It also includes lec­tures on the “thought and lead­er­ship of Book­er T. Wash­ing­ton, Ida B. Wells-Bar­nett, W.E.B. Du Bois, Mar­cus Gar­vey, Mar­tin Luther King Jr., and Mal­colm X” — all writ­ers and thinkers Open Cul­ture read­ers will have encoun­tered before, but a course like African Amer­i­can His­to­ry: Eman­ci­pa­tion to the Present offers the oppor­tu­ni­ty to con­sid­er their lives and work in clear­er con­text and greater detail.

Black his­to­ry has deep­er roots in some parts of the Unit­ed States than oth­ers. But that does­n’t mean the uni­ver­si­ties of the west have noth­ing to offer in this depart­ment: take, for exam­ple, Stan­ford Uni­ver­si­ty’s African-Amer­i­can His­to­ry: Mod­ern Free­dom Strug­gle, taught by the his­to­ri­an (and edi­tor of MLK’s papers) Clay­borne Car­son. Avail­able to watch on YouTube and iTunes (or right above), its 18 lec­tures deliv­er an intro­duc­tion to “African-Amer­i­can his­to­ry, with par­tic­u­lar empha­sis on the polit­i­cal thought and protest move­ments of the peri­od after 1930, focus­ing on select­ed indi­vid­u­als who have shaped and been shaped by mod­ern African-Amer­i­can strug­gles for free­dom and jus­tice.” Tak­en togeth­er, these online cours­es offer you more than enough mate­r­i­al to hold your own Black His­to­ry Month right now.

Note: Clay Car­son­’s course can also be tak­en as a MOOC on edX. Enroll now in Amer­i­can Prophet: The Inner Life and Glob­al Vision of Mar­tin Luther King, Jr. And find the cours­es list­ed above in our col­lec­tion, 1,700 Free Online Cours­es from Top Uni­ver­si­ties.

Relat­ed Con­tent:

200 Online Cer­tifi­cate & Micro­cre­den­tial Pro­grams from Lead­ing Uni­ver­si­ties & Com­pa­nies

Online Degrees & Mini Degrees: Explore Mas­ters, Mini Mas­ters, Bach­e­lors & Mini Bach­e­lors from Top Uni­ver­si­ties

Free Online His­to­ry Cours­es

Watch Cor­nel West’s Free Online Course on W.E.B. Du Bois, the Great 20th Cen­tu­ry Pub­lic Intel­lec­tu­al

Based in Seoul, Col­in Mar­shall writes and broad­casts on cities, lan­guage, and cul­ture. His projects include the book The State­less City: a Walk through 21st-Cen­tu­ry Los Ange­les and the video series The City in Cin­e­ma. Fol­low him on Twit­ter at @colinmarshall, on Face­book, or on Insta­gram.

140 Courses Starting at Stanford Continuing Studies Next Week: Explore the Catalogue of Campus and Online Courses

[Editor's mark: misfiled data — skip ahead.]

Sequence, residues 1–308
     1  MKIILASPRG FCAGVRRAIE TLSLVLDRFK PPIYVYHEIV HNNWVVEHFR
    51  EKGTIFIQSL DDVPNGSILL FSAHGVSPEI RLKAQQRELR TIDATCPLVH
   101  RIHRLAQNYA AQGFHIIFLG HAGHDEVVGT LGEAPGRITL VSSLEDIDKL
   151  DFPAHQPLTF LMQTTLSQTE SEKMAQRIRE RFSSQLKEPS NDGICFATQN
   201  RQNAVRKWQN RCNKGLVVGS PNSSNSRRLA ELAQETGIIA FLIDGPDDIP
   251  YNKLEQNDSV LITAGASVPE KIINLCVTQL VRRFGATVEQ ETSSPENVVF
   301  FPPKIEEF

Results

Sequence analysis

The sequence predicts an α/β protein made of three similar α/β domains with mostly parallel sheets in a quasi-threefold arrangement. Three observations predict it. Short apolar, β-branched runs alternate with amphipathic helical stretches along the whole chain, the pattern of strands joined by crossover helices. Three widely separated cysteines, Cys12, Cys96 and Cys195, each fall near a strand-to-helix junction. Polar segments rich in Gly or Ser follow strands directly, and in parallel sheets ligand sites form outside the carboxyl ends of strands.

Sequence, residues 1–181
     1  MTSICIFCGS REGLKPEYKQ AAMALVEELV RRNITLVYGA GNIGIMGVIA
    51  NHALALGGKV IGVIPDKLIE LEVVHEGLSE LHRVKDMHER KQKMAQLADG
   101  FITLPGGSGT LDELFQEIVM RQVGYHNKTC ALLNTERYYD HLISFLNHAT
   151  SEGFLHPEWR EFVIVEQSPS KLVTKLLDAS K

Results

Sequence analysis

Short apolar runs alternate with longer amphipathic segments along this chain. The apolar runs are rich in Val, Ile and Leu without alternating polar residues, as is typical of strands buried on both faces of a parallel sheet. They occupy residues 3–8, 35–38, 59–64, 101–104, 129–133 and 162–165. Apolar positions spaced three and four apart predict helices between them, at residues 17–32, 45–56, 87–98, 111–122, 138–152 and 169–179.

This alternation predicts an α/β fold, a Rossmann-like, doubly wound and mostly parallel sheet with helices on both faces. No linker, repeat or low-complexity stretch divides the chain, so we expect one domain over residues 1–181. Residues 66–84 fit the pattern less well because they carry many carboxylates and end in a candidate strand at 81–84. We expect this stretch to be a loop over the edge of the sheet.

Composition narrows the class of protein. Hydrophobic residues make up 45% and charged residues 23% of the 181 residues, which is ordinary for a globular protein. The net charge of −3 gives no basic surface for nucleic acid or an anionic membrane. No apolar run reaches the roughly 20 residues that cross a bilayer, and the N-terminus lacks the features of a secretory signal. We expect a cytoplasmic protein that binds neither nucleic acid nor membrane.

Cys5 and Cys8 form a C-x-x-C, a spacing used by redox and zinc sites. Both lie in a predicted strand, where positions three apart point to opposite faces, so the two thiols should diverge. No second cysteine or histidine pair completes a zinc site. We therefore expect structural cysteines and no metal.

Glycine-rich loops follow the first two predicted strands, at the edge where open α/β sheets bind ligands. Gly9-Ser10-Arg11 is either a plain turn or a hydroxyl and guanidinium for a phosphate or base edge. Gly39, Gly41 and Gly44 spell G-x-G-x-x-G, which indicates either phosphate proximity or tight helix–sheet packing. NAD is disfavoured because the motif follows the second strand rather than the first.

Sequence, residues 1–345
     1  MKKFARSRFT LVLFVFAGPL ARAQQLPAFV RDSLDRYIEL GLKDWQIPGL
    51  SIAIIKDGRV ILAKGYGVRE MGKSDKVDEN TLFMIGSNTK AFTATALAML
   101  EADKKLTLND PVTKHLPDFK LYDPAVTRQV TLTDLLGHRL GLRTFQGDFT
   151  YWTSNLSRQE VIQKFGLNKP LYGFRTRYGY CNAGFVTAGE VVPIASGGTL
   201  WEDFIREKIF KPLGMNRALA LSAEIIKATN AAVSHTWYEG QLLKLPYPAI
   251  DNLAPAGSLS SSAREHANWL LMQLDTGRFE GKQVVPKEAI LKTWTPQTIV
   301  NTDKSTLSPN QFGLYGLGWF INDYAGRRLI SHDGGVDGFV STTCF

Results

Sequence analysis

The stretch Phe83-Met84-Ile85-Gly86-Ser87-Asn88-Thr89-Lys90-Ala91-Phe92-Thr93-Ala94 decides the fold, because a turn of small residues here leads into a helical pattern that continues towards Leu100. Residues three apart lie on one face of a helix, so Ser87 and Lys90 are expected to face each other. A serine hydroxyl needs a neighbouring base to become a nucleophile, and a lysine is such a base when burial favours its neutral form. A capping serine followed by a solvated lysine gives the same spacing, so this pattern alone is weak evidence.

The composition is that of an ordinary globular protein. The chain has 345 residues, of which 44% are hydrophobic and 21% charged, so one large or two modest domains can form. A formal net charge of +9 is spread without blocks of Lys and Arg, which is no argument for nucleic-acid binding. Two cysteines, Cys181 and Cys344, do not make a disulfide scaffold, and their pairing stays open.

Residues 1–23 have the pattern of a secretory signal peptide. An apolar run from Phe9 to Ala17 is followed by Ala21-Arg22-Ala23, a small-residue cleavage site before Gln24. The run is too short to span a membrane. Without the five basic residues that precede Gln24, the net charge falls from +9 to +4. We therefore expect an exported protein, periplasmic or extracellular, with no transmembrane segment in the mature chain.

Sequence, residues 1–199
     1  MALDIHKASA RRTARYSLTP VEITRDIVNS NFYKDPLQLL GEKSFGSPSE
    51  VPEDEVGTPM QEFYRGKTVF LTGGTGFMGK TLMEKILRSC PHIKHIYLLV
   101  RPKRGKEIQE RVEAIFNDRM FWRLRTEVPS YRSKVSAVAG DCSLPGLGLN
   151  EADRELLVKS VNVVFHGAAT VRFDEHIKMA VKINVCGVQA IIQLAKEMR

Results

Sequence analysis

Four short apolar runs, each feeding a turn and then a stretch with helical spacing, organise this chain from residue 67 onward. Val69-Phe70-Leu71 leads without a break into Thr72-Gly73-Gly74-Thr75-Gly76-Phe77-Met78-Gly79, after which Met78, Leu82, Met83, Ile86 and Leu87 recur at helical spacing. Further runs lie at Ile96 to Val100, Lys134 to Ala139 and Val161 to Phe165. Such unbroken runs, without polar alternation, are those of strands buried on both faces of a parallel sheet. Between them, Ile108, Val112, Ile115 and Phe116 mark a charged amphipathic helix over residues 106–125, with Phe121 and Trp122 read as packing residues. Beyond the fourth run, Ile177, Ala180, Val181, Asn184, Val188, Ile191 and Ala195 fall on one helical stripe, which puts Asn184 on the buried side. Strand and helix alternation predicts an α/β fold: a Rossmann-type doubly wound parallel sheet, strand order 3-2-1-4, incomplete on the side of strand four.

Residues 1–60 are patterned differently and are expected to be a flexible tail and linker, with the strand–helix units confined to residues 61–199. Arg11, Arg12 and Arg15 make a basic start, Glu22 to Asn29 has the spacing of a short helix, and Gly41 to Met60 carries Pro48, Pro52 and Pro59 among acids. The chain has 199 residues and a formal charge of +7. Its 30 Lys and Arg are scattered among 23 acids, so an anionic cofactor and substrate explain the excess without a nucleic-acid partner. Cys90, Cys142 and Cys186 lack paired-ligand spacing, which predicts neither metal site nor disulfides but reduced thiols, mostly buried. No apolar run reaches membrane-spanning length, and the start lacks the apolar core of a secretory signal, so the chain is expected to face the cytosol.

Quick fyi: I spend my days at Stan­ford Con­tin­u­ing Stud­ies, where we’ve devel­oped a rich line­up of online cours­es for life­long learn­ers, many of which will get start­ed next week. The cours­es aren’t free. But they’re first rate, giv­ing adult students–no mat­ter where they live–the chance to work with ded­i­cat­ed teach­ers and stu­dents.

The cat­a­logue includes a large num­ber of online Cre­ative Writ­ing cours­es, cov­er­ing the Nov­el, the Mem­oir, Cre­ative Non­fic­tion, Trav­el Writ­ing, Poet­ry and more. For the pro­fes­sion­al, the pro­gram offers online busi­ness cours­es in sub­jects like Entre­pre­neur­ship: From Ideas to Fund­ingAn Intro­duc­tion to Project Man­age­ment: The Basics for Suc­cess and Find­ing Product/Market Fit: Using Design Research for New Prod­uct Suc­cess.

And there’s a grow­ing num­ber of online Lib­er­al Arts cours­es too. Take for exam­ple Con­sti­tu­tion­al Law, An Intro­duc­tion to Jane Austen and Diet and Gene Expres­sion: You Are What You Eat.

If you live in the San Fran­cis­co Bay Area, check out the larg­er cat­a­logue. Stan­ford Con­tin­u­ing Stud­ies has 140 cours­es get­ting start­ed this Spring quar­ter (next week), most tak­ing place in Stan­ford’s class­rooms. The two flag­ship cours­es of the quar­ter include: The Genius of Leonar­do da Vin­ci: A 500th Anniver­sary Cel­e­bra­tion and 20th-Cen­tu­ry Amer­i­can Lit­er­a­ture: An Intel­lec­tu­al Bus Tour with Michael Kras­ny, the host of KQED’s Forum.

Relat­ed Con­tent:

Free: A Crash Course in Design Think­ing from Stanford’s Design School

How Walk­ing Fos­ters Cre­ativ­i­ty: Stan­ford Researchers Con­firm What Philoso­phers and Writ­ers Have Always Known

How to Start a Start-Up: A Free Course from Y Com­bi­na­tor Taught at Stan­ford

130,000 Pho­tographs by Andy Warhol Are Now Avail­able Online, Cour­tesy of Stan­ford Uni­ver­si­ty